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Calcium is essential for building and maintaining bones and teeth. It is also involved in the proper functioning of the heart muscle, in the transmission of nerve impulses, muscle contractions, coagulation and helps heal wounds.
Calcium is stored in bones. When daily intake is not enough to meet the body's needs, it draws on its reserves which weakens the bones and increases the risk of fractures. Maintaining an adequate calcium intake, starting early in life, maximizes bone mass and helps reduce bone loss provided intake is maintained throughout life.
An adequate intake is particularly important during pregnancy, to prevent or treat osteoporosis and when taking corticoids.
When taken with potassium and magnesium, calcium helps control blood pressure. A diet rich in calcium reduces symptoms associated with premenstrual syndrome and slightly reduces the risk of developing colon cancer.
Milk and dairy products are an excellent source of calcium. Milk is also fortified with vitamin D, a nutrient that helps the body use calcium. Calcium-enriched drinks are also available.
Calcium is also found in dark green vegetables (broccoli), sesame seeds, almonds and nuts, canned fish (sardines, salmon, tuna), seafood (clams, oysters), legumes and tofu.
|Approximate Calcium Content|
Oxalate-rich foods such as rhubarb, spinach and beets should be eaten in moderation since they inhibit the absorption of calcium.
In some cases, vitamin D supplements may be necessary to increase calcium absorption.
Recommended average daily nutrient intake that is sufficient to meet the nutrient requirements of nearly all (97 to 98%) healthy individuals in each age and gender group. The RDA should only be used as a guide for daily individual intake.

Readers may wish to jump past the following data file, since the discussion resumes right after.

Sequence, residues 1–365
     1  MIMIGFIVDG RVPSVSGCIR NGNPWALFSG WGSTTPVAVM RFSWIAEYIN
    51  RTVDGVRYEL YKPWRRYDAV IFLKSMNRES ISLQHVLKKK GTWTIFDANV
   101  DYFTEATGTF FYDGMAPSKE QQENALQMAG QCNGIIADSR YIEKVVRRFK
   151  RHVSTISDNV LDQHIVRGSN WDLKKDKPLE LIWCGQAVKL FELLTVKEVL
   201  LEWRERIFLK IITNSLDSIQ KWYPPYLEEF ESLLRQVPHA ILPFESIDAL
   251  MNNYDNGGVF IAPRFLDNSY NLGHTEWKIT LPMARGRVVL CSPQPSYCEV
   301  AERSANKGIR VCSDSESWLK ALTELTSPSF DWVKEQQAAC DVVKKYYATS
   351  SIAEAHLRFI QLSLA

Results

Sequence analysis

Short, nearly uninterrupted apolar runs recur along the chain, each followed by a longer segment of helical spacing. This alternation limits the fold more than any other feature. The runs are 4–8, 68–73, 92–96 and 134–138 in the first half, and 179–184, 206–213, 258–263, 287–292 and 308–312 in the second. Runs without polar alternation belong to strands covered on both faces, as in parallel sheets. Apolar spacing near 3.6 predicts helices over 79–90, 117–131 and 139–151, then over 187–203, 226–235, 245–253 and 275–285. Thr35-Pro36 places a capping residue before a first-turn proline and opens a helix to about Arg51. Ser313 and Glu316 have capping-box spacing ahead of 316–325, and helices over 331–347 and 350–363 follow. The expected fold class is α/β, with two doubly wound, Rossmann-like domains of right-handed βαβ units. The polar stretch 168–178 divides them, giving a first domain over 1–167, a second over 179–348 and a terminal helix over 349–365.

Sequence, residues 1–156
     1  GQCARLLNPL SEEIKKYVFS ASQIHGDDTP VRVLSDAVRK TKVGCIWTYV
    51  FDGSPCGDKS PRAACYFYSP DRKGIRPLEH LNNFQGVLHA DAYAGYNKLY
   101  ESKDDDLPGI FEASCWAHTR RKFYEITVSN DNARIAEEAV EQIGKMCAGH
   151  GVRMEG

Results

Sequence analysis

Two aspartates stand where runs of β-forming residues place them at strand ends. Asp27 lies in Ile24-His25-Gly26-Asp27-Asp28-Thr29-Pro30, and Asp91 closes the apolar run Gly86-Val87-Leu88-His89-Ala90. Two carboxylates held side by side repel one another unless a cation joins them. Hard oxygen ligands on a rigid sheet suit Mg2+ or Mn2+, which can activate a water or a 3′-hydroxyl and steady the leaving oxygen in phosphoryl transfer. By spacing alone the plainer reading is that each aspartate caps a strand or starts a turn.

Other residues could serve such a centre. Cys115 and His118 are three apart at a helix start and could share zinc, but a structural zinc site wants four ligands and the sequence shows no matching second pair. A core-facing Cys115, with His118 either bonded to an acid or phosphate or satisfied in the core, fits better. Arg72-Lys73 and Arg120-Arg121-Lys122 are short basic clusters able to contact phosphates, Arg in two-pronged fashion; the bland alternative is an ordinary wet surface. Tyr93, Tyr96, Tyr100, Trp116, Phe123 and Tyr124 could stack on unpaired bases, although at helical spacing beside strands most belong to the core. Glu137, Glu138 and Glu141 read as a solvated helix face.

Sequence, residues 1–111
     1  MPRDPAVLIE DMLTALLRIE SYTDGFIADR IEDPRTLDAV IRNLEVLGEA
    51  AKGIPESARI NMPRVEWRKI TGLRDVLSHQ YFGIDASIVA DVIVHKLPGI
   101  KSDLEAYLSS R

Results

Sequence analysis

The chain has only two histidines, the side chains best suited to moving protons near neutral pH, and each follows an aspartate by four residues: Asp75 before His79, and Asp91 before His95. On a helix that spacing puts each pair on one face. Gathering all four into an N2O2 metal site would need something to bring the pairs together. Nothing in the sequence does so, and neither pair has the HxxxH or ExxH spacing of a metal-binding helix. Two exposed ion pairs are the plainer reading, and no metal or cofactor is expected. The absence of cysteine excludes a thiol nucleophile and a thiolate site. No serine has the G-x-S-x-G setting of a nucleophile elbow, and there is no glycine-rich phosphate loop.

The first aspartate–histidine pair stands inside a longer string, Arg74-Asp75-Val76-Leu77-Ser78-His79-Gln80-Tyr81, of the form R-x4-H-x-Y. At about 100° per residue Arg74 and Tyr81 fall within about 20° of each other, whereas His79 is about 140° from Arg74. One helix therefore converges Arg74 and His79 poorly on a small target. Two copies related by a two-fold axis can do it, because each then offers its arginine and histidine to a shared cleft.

The recommended daily intake, according to the Osteoporosis Canada, is 1200 mg of elementary calcium per day for men 50 years of age and older.
Abnormally low blood calcium can cause dizziness, irritability, tetany, tremors and cardiac arrhythmia. Simple dietary calcium deficiency does not produce any of these symptoms.
Chronic deficiency increases the risk of osteoporosis, osteomalacia, colon cancer and hypertension.
The body stores approximately 1 kg of calcium which is enough for several years. More than 99% of total body calcium is stored in the bones and teeth. If a person did not have any calcium whatsoever in his diet, he would lose 20% of his reserves over 6 years, based on a loss of about 100 mg per day...
Abnormally high blood calcium can lead to loss of appetite, confusion, delirium and coma. Excessive consumption of calcium does not produce any of these symptoms.
Some people may require calcium supplementation even though their calcium intake from food is sufficient.
Taking calcium supplements during pregnancy could help reduce the risk of hypertension and preeclampsia. Women at risk should take at least 1500 mg of elementary calcium per day and even 2000 mg per day. Medical monitoring is recommended.
Caution is recommended for those taking calcium supplements and suffering from kidney stones, dehydration, hypercalcemia, hypophosphatemia, kidney failure or sarcoidosis.
Calcium content varies based on the type of salt used.
|Calcium Content Based on Salt Used|
For example, a 1250 mg calcium carbonate tablet contains 500 mg of elementary calcium.
Carbonate and calcium gluconate should be taken with food, whereas calcium phosphate should, ideally, be taken on an empty stomach.
Watch what you eat. Diet has a significant impact on health!
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The patient information leaflets are provided by Vigilance Santé Inc. This content is for information purposes only and does not in any manner whatsoever replace the opinion or advice of your health care professional. Always consult a health care professional before making a decision about your medication or treatment.